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Isolation


Isolation

English edition
Dogwalk Books, 2017
Dogwalkbooks.com
mail@tinaenghoff.com
Text: Kamille Nygård
Design: Tina Enghoff
80 pages, 47 photographs
13 cm x 20 cm
ISBN 978-91-639-3098-0

Danish edition
Forlaget Vandkunsten, 2017
www.forlagetvandkunsten.dk/112622/
ISBN 978-87-7695-493-2



Excerpt from the text by Kamille Nygård
Prison Chamberlain at Ringe State Prison, Denmark


(...)For some, solitary confinement offers a break. For others, it is a dead end. Often the last stop on a downward prison cycle. This is also where some of the condemned who are also condemned to be deported end up, those who fear for their lives once they are deported, and who panic in the final weeks prior to departure. They end up in solitary confinement because no one knows what else to do with them, and because they fill
the cells with their raving angst and incomprehensible curses. But the walls are indifferent. They quietly remind them – those who have already come too far to have a life, also way beyond their own boundaries – that the possibility of not existing actually exists.

IV.
But there are also those who resist in desperation. Who scream and hate and send curses through the walls. Who carve their names on the edge of the bed as if to assume some control of the situation: I am who I am! Fuck Ringe Prison! Who wrap paper around one of the two light bulbs in the cell so it catches fire. Or who just pour their coffee over the walls – calmly and methodically. Who scratch the skin of the institution that affects to feel nothing. Marks and symbols and signs of life, only partly decipherable and so badly spelt it is as if they come from a parallel universe that is trying to shout out to this world – or give it the finger.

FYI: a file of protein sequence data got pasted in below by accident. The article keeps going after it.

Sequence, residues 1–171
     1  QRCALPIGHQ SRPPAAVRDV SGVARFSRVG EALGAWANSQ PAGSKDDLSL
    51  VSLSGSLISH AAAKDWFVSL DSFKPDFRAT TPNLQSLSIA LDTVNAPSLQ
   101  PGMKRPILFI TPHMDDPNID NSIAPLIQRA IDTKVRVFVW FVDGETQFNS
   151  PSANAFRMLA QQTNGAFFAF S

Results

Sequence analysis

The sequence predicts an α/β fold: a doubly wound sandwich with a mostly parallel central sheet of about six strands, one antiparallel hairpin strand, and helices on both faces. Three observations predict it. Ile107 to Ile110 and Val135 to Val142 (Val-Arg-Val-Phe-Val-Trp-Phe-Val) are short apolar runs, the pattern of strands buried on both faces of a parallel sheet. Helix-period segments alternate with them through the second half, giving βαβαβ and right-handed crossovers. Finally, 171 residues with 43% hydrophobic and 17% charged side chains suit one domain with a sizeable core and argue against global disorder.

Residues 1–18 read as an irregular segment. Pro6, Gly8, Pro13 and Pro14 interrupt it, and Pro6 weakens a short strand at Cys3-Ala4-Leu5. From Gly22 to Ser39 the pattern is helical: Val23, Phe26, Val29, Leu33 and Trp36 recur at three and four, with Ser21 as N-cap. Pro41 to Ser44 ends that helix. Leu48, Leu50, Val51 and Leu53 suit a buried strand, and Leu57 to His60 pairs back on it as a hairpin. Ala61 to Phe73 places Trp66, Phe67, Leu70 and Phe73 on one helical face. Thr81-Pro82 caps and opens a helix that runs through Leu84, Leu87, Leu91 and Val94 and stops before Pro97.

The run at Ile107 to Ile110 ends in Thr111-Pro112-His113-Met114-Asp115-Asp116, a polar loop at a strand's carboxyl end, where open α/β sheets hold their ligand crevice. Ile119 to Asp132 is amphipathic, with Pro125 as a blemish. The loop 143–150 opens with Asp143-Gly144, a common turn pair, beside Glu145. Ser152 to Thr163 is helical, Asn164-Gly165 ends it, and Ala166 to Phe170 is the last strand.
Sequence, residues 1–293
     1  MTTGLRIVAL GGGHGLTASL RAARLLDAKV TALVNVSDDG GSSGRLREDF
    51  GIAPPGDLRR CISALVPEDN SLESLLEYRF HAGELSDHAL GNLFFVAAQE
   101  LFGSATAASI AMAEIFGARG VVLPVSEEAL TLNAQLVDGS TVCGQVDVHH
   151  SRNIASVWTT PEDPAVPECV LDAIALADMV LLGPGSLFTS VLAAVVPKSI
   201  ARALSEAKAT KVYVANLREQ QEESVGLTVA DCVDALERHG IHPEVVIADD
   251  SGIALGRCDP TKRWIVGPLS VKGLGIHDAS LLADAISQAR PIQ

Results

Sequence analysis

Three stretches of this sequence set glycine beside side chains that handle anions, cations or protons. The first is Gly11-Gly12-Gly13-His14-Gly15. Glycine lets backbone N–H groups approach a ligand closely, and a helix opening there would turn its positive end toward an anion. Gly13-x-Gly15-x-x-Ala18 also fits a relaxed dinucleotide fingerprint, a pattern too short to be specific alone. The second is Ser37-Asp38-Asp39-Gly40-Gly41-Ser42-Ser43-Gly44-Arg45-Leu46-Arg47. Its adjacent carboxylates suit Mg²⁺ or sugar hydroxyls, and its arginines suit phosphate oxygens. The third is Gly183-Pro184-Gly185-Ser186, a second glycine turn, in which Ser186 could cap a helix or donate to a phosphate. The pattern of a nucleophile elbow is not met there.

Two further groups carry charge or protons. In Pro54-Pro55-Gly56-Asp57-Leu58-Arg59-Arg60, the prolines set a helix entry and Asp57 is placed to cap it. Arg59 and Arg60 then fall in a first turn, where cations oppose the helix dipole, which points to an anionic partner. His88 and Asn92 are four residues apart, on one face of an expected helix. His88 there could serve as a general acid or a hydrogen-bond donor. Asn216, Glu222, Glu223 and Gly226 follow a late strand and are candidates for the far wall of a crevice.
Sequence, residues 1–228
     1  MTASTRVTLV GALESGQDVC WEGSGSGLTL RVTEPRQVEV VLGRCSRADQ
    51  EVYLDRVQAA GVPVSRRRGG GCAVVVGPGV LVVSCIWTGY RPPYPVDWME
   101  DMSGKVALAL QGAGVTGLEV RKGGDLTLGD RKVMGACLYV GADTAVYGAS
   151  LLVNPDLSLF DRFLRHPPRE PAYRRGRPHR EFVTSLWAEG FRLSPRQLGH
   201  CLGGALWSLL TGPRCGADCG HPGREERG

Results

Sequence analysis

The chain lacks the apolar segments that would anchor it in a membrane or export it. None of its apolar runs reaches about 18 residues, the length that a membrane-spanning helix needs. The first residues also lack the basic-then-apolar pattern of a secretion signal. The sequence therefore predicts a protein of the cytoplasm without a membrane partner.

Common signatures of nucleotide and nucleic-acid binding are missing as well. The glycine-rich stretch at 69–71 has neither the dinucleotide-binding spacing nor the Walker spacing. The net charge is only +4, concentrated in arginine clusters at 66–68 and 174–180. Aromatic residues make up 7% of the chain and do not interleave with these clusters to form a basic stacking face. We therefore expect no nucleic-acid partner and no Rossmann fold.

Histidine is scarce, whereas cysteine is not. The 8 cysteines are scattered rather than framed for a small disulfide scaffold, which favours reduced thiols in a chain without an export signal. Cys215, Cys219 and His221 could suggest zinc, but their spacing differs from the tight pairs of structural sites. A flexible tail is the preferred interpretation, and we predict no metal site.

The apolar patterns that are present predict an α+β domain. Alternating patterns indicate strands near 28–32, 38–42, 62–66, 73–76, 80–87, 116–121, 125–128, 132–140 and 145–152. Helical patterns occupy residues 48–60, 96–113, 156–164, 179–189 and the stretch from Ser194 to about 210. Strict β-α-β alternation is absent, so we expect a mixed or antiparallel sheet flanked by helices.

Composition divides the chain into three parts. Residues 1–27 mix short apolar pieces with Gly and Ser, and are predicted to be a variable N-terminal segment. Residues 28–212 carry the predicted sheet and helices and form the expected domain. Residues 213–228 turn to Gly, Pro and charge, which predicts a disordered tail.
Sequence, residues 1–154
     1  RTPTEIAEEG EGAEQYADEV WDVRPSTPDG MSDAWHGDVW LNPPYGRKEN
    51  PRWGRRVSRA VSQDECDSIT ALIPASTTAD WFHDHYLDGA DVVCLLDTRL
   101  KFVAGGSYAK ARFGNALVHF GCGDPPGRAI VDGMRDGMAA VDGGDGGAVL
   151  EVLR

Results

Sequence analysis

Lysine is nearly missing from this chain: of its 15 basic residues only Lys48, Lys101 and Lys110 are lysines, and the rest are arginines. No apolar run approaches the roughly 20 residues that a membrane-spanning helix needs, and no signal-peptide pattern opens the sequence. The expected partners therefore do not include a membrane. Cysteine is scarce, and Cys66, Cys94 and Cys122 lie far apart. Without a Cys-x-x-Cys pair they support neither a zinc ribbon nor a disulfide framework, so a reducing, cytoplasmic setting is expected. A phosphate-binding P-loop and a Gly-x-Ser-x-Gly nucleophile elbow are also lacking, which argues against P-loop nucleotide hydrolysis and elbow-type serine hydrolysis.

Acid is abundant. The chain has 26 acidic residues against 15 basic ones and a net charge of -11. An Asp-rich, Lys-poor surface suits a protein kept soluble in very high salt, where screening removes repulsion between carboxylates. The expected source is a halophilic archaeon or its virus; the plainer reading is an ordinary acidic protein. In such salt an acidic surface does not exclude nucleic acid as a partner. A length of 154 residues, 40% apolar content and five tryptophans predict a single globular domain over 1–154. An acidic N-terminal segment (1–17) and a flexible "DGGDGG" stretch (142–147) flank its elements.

There is a steady flow of letters and drugs into and out of solitary confinement, not to mention the traffic of inside knowledge that circumvents official channels. A network that constantly discovers new routes. No prison in Denmark has managed to stop mobile phones being smuggled in. So basic is our need for human contact. Although most communication is still conducted in the old way. The prisoners have, after all, a voice, and a voice loud enough to penetrate the walls that divide their cells.
And a lot of voices are heard. Shouts between the walls and over the fences from block to block. Especially at night, when suddenly a voice is heard in the prison office. Someone is ringing from solitary confinement: he wants to take a shower, go to the toilet, it’s the third time he’s rang, why has nobody come? But time is not an issue for the prison guards in the office, because they are in another world. The half hour the prisoner has waited to go to the toilet, the week the prisoner has waited to talk to the chief prison guard, the month and a half the prisoner has waited to hear about prison leave, that waiting time does not exist for the prison guard sitting in the office or the prison guard on duty in solitary confinement. Only the sounds exist, the short bursts of shouting or banging. And smells exist when you enter a solitary confinement cell. As do the half-eaten food trays, the sweet wrappers, the piles of screwed up rolling papers, and the trash cans that smell of urine. They exist. Like archaeological finds that are gathered by (always two pairs of) hands, usually wearing rubber gloves.(...)




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Copyright 2013 © Tina Enghoff